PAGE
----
When a cookie is as white and unadorned as this, it’s a wonder to me that I love it so much. I’m such a devotee of the toasty, of all that is DGB (deep golden brown), that it takes significant restraint for me to let our Lebanese butter cookies be who they are. But as with many things in life, there is a payoff for the restraint, in this case a remarkably good melt-in-your-mouth cookie that would be lost if not for a light touch in the baking.
There are countless spellings for Lebanese butter cookies—ghraybeh, grhybe, gorayba, ghrybe, ghoraibi—but all are pronounced the same: ghri (like high)-bee (A glottal sound sits on the “g;” it has to be heard to be known). Every single Lebanese and Middle Eastern cookbook I own includes a simple recipe for ghraybeh. There are as many variations on this cookie as there are spellings, and each one has its merits. I do mine the way I learned from my mother, with a rather genius way of achieving the cookie shape, and if you expected a blanched nut on top and I didn’t include it, let’s agree that it doesn’t make me any less Lebanese. It’s just that I have more say in my own kitchen than does tradition, and I am not a fan of the blanched nut. And in keeping with my DGB restraint, I pass on using even toasted nuts and let the ghraybeh teach me something about the beauty to be found in keeping things simple.
This is the first of a few great and treasured cookie recipes I’ll post over the next week. May our baking this holiday season be filled with joy as it goes out to others, bringing goodness and light.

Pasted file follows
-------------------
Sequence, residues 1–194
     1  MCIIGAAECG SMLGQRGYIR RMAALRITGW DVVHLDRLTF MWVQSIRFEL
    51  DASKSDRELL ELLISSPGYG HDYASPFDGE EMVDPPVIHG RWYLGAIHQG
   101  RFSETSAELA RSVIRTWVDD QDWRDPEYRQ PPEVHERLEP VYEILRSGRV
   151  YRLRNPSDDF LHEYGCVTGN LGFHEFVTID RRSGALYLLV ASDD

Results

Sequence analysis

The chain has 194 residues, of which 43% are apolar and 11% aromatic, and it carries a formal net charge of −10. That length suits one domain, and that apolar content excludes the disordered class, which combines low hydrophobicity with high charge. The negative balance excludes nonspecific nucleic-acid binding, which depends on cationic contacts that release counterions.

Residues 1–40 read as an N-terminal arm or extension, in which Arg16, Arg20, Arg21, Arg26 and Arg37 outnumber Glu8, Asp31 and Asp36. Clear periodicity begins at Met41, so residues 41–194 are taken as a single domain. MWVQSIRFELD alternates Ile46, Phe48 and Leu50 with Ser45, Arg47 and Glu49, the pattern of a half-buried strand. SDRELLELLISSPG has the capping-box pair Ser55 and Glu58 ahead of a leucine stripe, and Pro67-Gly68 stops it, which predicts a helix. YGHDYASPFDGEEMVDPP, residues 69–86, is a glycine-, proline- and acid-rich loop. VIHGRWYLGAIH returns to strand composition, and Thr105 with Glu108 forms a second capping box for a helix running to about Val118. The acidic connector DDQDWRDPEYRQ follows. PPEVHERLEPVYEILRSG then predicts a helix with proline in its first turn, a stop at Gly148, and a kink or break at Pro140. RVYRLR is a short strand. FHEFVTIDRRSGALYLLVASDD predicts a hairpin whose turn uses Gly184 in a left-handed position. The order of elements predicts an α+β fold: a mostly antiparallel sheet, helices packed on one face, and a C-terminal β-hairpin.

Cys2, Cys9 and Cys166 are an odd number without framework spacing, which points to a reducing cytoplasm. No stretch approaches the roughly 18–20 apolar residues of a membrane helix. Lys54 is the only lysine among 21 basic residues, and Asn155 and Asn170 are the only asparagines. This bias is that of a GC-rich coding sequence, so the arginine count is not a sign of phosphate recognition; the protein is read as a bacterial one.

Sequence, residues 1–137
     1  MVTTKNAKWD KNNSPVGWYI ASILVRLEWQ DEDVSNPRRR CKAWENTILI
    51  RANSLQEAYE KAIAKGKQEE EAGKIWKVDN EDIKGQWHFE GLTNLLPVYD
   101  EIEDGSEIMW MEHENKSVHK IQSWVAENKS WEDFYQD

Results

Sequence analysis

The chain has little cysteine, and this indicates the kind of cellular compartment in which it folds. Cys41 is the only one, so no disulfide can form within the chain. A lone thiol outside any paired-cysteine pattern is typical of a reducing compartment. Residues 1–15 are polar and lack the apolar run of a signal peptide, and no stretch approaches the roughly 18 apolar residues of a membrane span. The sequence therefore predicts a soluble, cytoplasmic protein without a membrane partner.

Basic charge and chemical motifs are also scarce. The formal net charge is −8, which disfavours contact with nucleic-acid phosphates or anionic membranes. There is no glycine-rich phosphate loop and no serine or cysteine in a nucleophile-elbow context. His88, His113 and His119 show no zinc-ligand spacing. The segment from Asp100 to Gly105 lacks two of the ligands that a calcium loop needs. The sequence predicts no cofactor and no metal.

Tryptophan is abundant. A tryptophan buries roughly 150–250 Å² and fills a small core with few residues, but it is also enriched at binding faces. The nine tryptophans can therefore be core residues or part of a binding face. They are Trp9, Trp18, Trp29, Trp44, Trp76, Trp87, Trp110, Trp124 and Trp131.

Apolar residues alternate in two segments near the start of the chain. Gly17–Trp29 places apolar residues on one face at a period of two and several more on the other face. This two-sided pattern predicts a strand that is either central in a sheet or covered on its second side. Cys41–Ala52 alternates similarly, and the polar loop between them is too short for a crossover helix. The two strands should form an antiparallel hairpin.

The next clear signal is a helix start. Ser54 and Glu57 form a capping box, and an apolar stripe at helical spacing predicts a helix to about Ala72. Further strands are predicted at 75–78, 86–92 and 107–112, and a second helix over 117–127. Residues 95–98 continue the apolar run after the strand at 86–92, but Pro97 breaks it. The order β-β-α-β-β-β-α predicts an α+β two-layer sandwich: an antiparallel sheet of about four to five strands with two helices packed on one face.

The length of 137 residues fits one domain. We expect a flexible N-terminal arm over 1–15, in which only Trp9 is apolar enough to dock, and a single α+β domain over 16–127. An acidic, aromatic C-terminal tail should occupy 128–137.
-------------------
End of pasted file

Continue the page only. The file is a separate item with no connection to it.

Lebanese Butter Cookies, or Ghraybeh
The Lebanese butter cookie is one of the least elaborate, yet most delicious, cookies in my holiday parade. These cookies can be shaped in diamonds, as I’ve done here, or in simple flattened circles (start with a small ball, then flatten). Top with a blanched almond or pine nut (before baking) instead of dusting with powdered sugar. Flavor the dough with vanilla instead of orange blossom water, or nothing at all. Good butter (like Plugra) will always make these cookies taste wonderful. The recipe is easily doubled, and yields about 3 dozen cookies.
1 cup (8 oz.) unsalted butter, room temperature
1 cup powdered sugar
1 teaspoon orange blossom water, mazaher
2 cups unbleached, all-purpose flour
Using a stand mixer with the whisk attachment or sturdy hand-held mixer, whip the butter on high speed until fluffy, creamy and pale, about five minutes. Stop and scrape the sides of the bowl with a spatula for even whipping. Add the sugars and orange blossom water and whip until well combined and fluffy. Using a large rubber spatula or spoon, slowly blend in the flour, ½ cup at a time. Cover and let the dough rest for 30 minutes.
Heat oven to 300 degrees and place rack in the center of the oven. Handle the dough as gingerly and swiftly as possible to shape the cookies. Take a large handful of the dough and shape it into a log about ½-inch crosswise on a lightly floured work surface. If the dough is crumbly, gently push it together. Use a sharp knife to cut ½-inch pieces diagonally. Place these diamonds on an ungreased, heavy sheet pan and bake until the cookies are baked through but still pale, about 20 minutes. They will spread a bit into a flat diamond shape. The cookies should not be browned except for minimally on the bottom. Remove from the oven and cool on the sheet pan. Remove carefully with a metal spatula and sift powdered sugar over the cookies to serve. Ghraybeh keeps frozen or in an airtight container for up to two weeks.
Print this recipe here.